We too know several students who had commitments from colleges and deferred to do a PG year. And we know several who had commitments and deferred to go a "gap" year.
  • mhmmmhmm Posts: 1,190Registered User Senior Member
    Its entirely probable and possible to do either "gap" year or a pg year (although why you would want to pay 45K if you already have a college acceptance is another story) after you have college commitment. Its not possible as an already accepted RECRUITED athlete, unless you want to make your acceptance null and void and try for another school during your pg year.
  • alextwoofouralextwoofour Posts: 229Registered User Junior Member
    @mhmm: that’s simply isn’t true 100% of the time. There are PGs at Deerfield, today, with their college acceptance in hand as a recruited athlete, but have deferred for a year. Regardless of the reason, it is being done. Even the NLI, and I know quite well that the Ivies don’t participate in the NLI (thank goodness), has provisions to allow a two semester deferment [ie. 1 year] before the athlete needs to attend the school. Why would the NLI allow that if, from what you say, it isn’t possible?

    And yes, many athletes participate in travel teams while in boarding school. Squash and tennis players travel all over for US Squash and USTA sanctioned events. Lacrosse players play travel in addition to the scholastic Spring team. Soccer players travel with their premiere teams. Ski racers in the boarding schools have their weekends free so that they can train with their home mountain, and race all over the country in USSA/FIS events [boarding school ski racing schedule is setup that way; no weekends]. Hockey players skate in the Fall with outside teams before the ice is laid down. A few athletes will miss school days for their sports extracurricular events. The goalkeeper on DA’s Girls Hockey team last year would be a well known example (at least in the Hockey circles).

    Most of the schools Deerfield plays against, such as Andover / Exeter / Loomis / Taft / Hotchkiss / NMH, all have scholastic athletes that participate in ‘travel’ teams or individual competition outside of the boarding school environment. We see these athletes in our ‘travels’. Just curious: are you a boarding school parent or coach? Unsure why anyone in the boarding school athletic environment would think otherwise.
    Granted, most varsity athletes don’t do ‘travel’, but there’s a few that do in each sport @ DA, typically the athletes that hope to be recruited.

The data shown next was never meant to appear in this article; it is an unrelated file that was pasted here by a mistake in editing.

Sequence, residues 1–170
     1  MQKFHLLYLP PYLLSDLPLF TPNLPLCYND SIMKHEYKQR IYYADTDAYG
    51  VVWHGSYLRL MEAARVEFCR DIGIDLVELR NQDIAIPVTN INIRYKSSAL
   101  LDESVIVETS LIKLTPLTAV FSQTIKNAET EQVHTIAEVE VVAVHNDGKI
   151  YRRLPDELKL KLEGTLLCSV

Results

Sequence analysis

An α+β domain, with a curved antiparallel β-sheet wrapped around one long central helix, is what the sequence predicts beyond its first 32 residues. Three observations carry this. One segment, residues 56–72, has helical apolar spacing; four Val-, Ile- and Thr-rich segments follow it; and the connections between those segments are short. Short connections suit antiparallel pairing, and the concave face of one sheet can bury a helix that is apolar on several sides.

@kellybkk raises a good question: does it really make a difference in improving odds for college [at least for those who aren’t in deferment]? Perhaps not. What it does do, at least for athletes [male or female], is give them a chance of doing better in their college sport. And perhaps an extra year of maturity doesn’t hurt either.
  • alextwoofouralextwoofour Posts: 229Registered User Junior Member
    The latest edition of the DA school newspaper has a short article on the current captain of Girls Hockey. She will also be captain for Girls LAX this Spring. Article says "...plays on a year-long outside travel hockey team, serves as the captain of the girls’ varsity ice hockey and lacrosse teams..." It's online, if anyone is interested. There's a couple of dozen athletes at DA that do 'travel' in addition to their scholastic teams.
  • PelicanDadPelicanDad Posts: 536Registered User Member
    ^^Pretty sure LC's women's hockey goalie is a Chinese national who was invited to national team tryout in Canada. She was allowed to miss quite a bit of school because the school valued the experience. (BTW, think maybe she's a freshman!)

    Yep...here's a link:

    Freshman Emily Yue Joins Team China in Women's Hockey
  • alextwoofouralextwoofour Posts: 229Registered User Junior Member
    Wow, a freshman!
    Yes, we've seen quite a few kids in the New England prep school league who are on the national teams of their 'home' countries. Their 'home' countries are too far for regular practice. They make that up by playing year round in local travel teams. DA's girls hockey goalie last year played on the USA U18 national team:
    DA Girls Goalie Wins International Gold Deerfield Academy
  • ZoberistZoberist Posts: 20Registered User New Member
    Admission decisions are just around the corner. Is anyone waiting for a PG decision? Will all PG applicants receive fedex Saturday, the 10th? For recruited athletes, do coaches call? If you are a PG applicant and apply for financial aid, are your chances for admission greatly diminished? I guess this is not like college admissions where you go to a web site and see whom admitted you.
  • ZoberistZoberist Posts: 20Registered User New Member
    Looks like admission to Andover is on the way .....